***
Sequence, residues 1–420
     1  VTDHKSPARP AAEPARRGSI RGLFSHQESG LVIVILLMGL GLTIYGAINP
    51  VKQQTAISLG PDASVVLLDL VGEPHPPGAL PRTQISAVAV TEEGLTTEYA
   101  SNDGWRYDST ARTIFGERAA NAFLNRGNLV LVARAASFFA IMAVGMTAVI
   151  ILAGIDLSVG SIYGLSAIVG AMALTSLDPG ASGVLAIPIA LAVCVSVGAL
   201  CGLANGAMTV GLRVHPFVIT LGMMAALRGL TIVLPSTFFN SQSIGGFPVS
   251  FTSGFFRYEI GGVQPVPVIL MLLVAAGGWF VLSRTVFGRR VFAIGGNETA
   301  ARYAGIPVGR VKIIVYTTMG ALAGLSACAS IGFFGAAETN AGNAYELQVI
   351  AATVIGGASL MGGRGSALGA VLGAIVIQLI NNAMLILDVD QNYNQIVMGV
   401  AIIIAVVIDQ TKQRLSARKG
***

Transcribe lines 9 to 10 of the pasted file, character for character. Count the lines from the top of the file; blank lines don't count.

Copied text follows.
   351  AATVIGGASL MGGRGSALGA VLGAIVIQLI NNAMLILDVD QNYNQIVMGV
   401  AIIIAVVIDQ TKQRLSARKG